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provisions I have pointed out. I allude to the article in which it is provided that “The government of the United States and Great Britain, having not only desired to accomplish a particular object, BUT ALso To Establish A GENERA. PRINCIPLE, THEY HEREBY AGREE To ExTEND THEIR PROTECTION, by TREATY STIPULATIONs, To ANY OTHER PRACTIGABLE communications, whether by canal or railway, across the isthmus which connects North and South America, and especially to the interoceanic communications, should the same prove to be practicable, whether by canal or railway, which are now proposed to be established by the way of TEHUANTEPEC OR PANAMA.” The “particular object” which the parties had in view being thus accomplished—the Hise treaty defeated, the exclusive privilege to the United States surrendered and abandoned, and the European partnership established—yet they were not satisfied. They were not content to “accomplish a particular object,” but desired to “ESTABLISH A GENERAL PRINCIPLE s” That which, by the terms of the treaty, was particular and local to the five states of Cen. tral America, is, in this article, extended to Mexico on the north, and to New Granada on the south, and declared to be a general principle by which any and all other practicable routes of communication across the isthmus between North and South America are to be governed and protected by the allied powers. New and additional treaty stipulations are to be entered into for this purpose, and the net-work which had been prepared and spread over all Central America is to be extended far enough into Mexico and New Granada to cover all the lines of communication, whether by railway or canal, and especially to include Tehuantepec and Panama. When it is remembered that the treaty in terms establishes an alliance between the United States and Great Britain, and engages to invite all other powers, with which either is on terms of friendly intercourse, to become parties to its provisions, it will be seen that this article seeks to make the principles of the Clayton and Bulwer treaty the law of nations in respect to American affairs. The general principle is established; the right of European powers to intervene in the affairs of American states is recognized; the propriety of the exercise of that right is acknowledged; and the extent to which the allied powers shall carry their protection, and the limits within which they shall confine their operations, are subject to treaty stipulations in the future. When the American continent shall have passed under the protectorate of the allied powers, and her future made dependent upon treaty stipulations for carrying into effect the object of the alliance, Europe will no longer have cause for serious apprehensions at the rapid growth, expansion, and development of our federal Union. She will then console herself that limits have been set and barriers erected beyond which the territories of this republic can never extend, nor its principles prevail. In confirmation of this view, she will find additional cause for congratulation when she looks into the treaty of peace with Mexico, and there sees the sacred honor of this republic irrevocably pledged that we will never, in all coming time, annex any more Mexican territory in the mode in which Texas was acquired. The fifth article contains the following extraordinary provision: “The boundary-line established by this article shall be religiously respected by each of the two republics, and no change shall ever be made therein except by the express and free consent of both nations, lawfully given by the general government of each, in conformity with its own Constitution.” One would naturally suppose that, for all the ordinary purposes of a treaty of peace, the first clause of the paragraph would have been entirely sufficient. It declares that “the boundary-line established by this article shall be religiously respected by each of the two republics.” . Why depart from the usual course of proceeding in such cases, and add, that “no change shall ever be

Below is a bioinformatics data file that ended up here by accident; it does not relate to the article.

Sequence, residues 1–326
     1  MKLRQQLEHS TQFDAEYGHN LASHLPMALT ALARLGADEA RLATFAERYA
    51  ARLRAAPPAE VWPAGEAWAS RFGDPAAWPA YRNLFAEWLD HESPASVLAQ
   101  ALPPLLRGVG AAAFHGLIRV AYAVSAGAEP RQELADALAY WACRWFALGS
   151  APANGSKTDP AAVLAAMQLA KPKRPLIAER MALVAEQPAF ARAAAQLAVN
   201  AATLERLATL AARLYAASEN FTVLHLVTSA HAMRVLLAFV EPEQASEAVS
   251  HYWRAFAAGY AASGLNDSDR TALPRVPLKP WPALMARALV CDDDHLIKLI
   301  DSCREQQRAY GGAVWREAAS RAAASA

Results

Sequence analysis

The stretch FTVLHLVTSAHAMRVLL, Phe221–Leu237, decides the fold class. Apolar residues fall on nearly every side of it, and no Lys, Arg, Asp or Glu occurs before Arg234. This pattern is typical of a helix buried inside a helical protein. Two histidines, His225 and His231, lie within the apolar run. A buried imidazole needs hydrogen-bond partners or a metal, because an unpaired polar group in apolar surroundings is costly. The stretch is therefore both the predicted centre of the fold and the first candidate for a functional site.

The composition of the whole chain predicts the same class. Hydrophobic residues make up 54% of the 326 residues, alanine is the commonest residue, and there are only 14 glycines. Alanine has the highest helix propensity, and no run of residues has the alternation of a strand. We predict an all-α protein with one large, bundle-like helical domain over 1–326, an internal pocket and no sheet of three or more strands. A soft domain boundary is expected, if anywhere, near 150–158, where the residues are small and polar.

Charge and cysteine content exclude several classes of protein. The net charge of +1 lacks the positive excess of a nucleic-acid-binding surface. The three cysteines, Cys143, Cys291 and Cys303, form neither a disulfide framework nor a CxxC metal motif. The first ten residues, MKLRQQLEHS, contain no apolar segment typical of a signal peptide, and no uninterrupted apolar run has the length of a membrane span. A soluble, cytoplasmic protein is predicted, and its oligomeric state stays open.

made therein, except by the express and free consent of both nations, LAwfulLY given by the GENERAL government of each, in conformity with its own CoNSTITUTION.” What is the meaning of this peculiar phraseology? The history of Texas furnishes the key by which the hidden meaning can be unlocked. The Sabine was once the boundary between the republics of the United States and Mexico. By the revolt of Texas and the establishment of her independence, and the acknowledgment thereof by the great powers of the world, and her annexation to the United States, the boundary between the two republics was “changed” from the Sabine to the Rio Grande without “the express and free consent of both nations, lawfully given by the general government of each, in conformity with its own Constitution.” Mexico regarded that change a just cause of war, and accordingly invaded Texas with a view to the recovery of the lost territory. A protracted war ensued, in which thousands of lives were lost, and millions of money expended, when peace is concluded upon the express condition that the treaty should contain an open and frank avowal that the United States has been wrong in the causes of the war, by the pledge of her honor never to repeat the act which led to hostilities. Wherever you turn your eye, whether to your own record, to the statutebooks, to the history of this country or of Mexico, or to the diplomatic his– tory of the world, this humiliating and degrading acknowledgment stares you in the face, as a monument of your own creation, to the dishonor of our common country. Well do I remember the determined and protracted efforts of the minority to expunge this odious clause from the treaty before its ratification, and how, on the 4th of March, 1848, we were voted down by forty-two to eleven. The stain which that clause fastened upon the history of our country was not the only objection I urged to its retention in the treaty. It violated a great principle of public policy in relation to this continent. It pledges the faith of this republic that our successors shall not do that which duty to the interests and honor of the country, in the progress of events, may compel them to do. I do not meditate or look with favor upon any aggression upon Mexico. I do not desire, at this time, to annex any portion of her territory to this Union; nor am I prepared to say that the time will ever come, in my day, when I would be willing to sanction such a proposition. But who can say that, amid the general wreck and demoralization in Mexico, a state of things may not arise in which a just regard for our own rights and safety, and for the sake of humanity and civilization, may render it imperative for us to do that which was done in the case of Texas, and thereby change the boundary between the two republics, without the free consent of the general government of Mexico, lawfully given in conformity with her Constitution? Recent events in Sonora, Chihuahua, and Tamaulipas do not establish the wisdom and propriety of that line of policy which ties our hands in advance, and deprives the government of the right, in the future, of doing whatever duty and honor may require, when the necessity for action may arrive. Mr. President, one of the resolutions under consideration makes a declaration in relation to the island of Cuba, which requires a passing notice. It is in the following words: “That, while the United States disclaim any designs upon the island of Cuba, inconsistent with the laws of nations and with their duties to Spain, they consider it due to the vast importance of the subject to make known, in this solemn manner, that they should view all efforts on the part of any other power to procure possession, whether peaceably or forcibly, of that island, which, as a naval or military position, must, under circumstances easy to be foreseen, become dangerous to their southern coast, to the Gulf of Mexico, and to the mouth of the Mississippi, as unfriendly acts, directed against them, to be resisted by all the means in their power.”